It's really worth learning the syntax and the details of the language precisely as you go. Every language has little "gotcha" clauses that are less likely to get you if you really understand the nuts and bolts. For example, in Java confusion about "pass by value" and "pass by reference" is eliminated entirely if you understand what primitives and objects really are, to the machine. If you don't understand this, you'll have to make up all sorts of rules for yourself, and you'll get confused. Similarly, the confusion that every newbie experiences in comparing Strings (you have to use the .equals method, not the == comparison operator) is eliminated entirely if you understand objects.
That's just one pair of related examples. There are others.

But if you find you learn best by examples and hands-on work, that's cool too. Go through the tutorials at oracle and run all of the code that you find there. By the time you're done there you'll have a few miles of Java under your fingers, and then you can pick up copies of Effective Java and Practical Java and read through those, which should help you figure out a lot of the details you'll have skipped. Java Gotchas and Java Puzzlers are also useful.
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#6 luckielordie  Icon User is offline

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Re: Programming books *Worth it?

Posted 12 November 2012 - 04:20 PM

Books are invaluable for me. Most of the time I use them as a reference. The problem for me with online tutorials is that the information you get can be incomplete or all over the place.
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#7 steve.v  Icon User is offline

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Re: Programming books *Worth it?

Posted 15 November 2012 - 03:19 PM

Hey, thanks Jon for the insight, I've since started looking at the web based tutorial and I think I am moving along :D. I didn't realize oracle even had these resources. Thanks for pointing it out!

Steve
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#8 alexr1090  Icon User is offline

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Re: Programming books *Worth it?

Posted 18 November 2012 - 05:32 AM

This year I was required to buy the book for my class because we were doing examples directly from that book. However in past classes instead of buying the brand new $200 book my teacher would let me buy last years version for a couple of bucks.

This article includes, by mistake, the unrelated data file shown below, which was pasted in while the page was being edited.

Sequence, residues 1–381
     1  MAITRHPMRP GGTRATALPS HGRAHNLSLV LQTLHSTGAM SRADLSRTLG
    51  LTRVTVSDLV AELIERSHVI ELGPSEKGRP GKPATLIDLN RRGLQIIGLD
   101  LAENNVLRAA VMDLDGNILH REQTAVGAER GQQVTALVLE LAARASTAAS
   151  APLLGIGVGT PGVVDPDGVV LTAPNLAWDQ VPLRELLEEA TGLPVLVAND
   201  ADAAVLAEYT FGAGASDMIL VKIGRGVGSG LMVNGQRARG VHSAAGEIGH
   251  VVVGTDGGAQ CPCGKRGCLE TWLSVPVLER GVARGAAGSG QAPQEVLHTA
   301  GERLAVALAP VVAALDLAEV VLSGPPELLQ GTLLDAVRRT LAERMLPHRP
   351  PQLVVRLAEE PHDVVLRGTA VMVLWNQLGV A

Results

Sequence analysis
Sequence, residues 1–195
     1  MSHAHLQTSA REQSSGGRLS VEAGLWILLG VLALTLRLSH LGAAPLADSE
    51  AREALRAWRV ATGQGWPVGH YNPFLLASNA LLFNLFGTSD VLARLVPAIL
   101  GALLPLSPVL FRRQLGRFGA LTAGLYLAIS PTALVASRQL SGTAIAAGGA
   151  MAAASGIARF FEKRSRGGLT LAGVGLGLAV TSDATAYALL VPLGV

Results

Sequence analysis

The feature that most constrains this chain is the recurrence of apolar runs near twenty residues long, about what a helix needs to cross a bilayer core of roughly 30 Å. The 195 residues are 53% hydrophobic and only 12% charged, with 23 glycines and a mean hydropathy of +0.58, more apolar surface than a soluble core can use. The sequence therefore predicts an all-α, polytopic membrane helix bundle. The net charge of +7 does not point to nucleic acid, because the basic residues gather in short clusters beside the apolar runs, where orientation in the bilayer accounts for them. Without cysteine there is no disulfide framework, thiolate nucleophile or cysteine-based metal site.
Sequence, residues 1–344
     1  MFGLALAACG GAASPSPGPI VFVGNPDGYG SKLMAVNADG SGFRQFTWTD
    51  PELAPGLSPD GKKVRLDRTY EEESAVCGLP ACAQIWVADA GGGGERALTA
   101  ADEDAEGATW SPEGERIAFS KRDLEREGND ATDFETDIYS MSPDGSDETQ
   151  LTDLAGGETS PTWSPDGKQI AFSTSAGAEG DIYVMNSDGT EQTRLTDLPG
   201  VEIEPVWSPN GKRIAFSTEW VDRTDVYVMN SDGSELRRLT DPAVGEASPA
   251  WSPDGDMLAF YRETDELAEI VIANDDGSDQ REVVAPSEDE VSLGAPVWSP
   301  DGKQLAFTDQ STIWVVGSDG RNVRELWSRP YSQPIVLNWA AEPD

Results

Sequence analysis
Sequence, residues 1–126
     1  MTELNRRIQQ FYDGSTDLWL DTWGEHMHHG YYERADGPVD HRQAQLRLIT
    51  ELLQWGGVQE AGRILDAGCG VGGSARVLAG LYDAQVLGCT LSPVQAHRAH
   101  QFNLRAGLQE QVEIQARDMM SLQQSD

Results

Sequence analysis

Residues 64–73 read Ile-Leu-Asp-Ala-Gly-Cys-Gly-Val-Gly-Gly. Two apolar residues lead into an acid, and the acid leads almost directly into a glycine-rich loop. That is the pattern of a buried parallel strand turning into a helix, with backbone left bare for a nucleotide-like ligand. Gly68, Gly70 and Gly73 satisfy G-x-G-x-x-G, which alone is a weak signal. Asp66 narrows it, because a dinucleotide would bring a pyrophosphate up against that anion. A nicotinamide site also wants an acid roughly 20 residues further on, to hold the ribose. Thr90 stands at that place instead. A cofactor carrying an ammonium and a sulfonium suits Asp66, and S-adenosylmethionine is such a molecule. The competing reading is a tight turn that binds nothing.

Good luck to you!
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#9 Lemur  Icon User is offline

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Re: Programming books *Worth it?

Posted 19 November 2012 - 04:51 PM

I tend to buy several books over anything I find entertaining. When I was low on money or not working, I bought books for $0.01 on Amazon. They were older books, but still had some good information that gave insight without breaking my wallet in half. I may post a picture of my library some time, but when stacked it's taller than me (hint: I'm 6'1".)
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#10 YasuoDancez  Icon User is offline

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Re: Programming books *Worth it?

Posted 24 November 2012 - 09:54 AM

As mentioned, school provides the structure. For example, I would not of known to go from the basics such as syntax, to Data Structures, on to learning Assembly where Assembly provides a better understanding of how the underlying code gets translated and works, which, in the end, provides for better coding when programming at a higher level language.
Furthermore, obviously, structure does not only involve moving from course to course, but moving from inside each course, as well as other general education courses.
The obvious made more obvious. :winkiss:
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#11 Vompaudi  Icon User is offline

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Re: Programming books *Worth it?

Posted 26 November 2012 - 02:04 AM

In my college we IT-students don't normally use books, cause almost all things on information technology is developing every day. IT is lifetime learning new. So i.e., when book about stable version of C# at this moment comes to stores, its content is soon out of date, when there is published new, more accurate version of C#.
In my college we are teached always to find the latest things only from Internet. Sometimes we read from books about some stable things like IP-addresses and creating LAN wiring for empty room.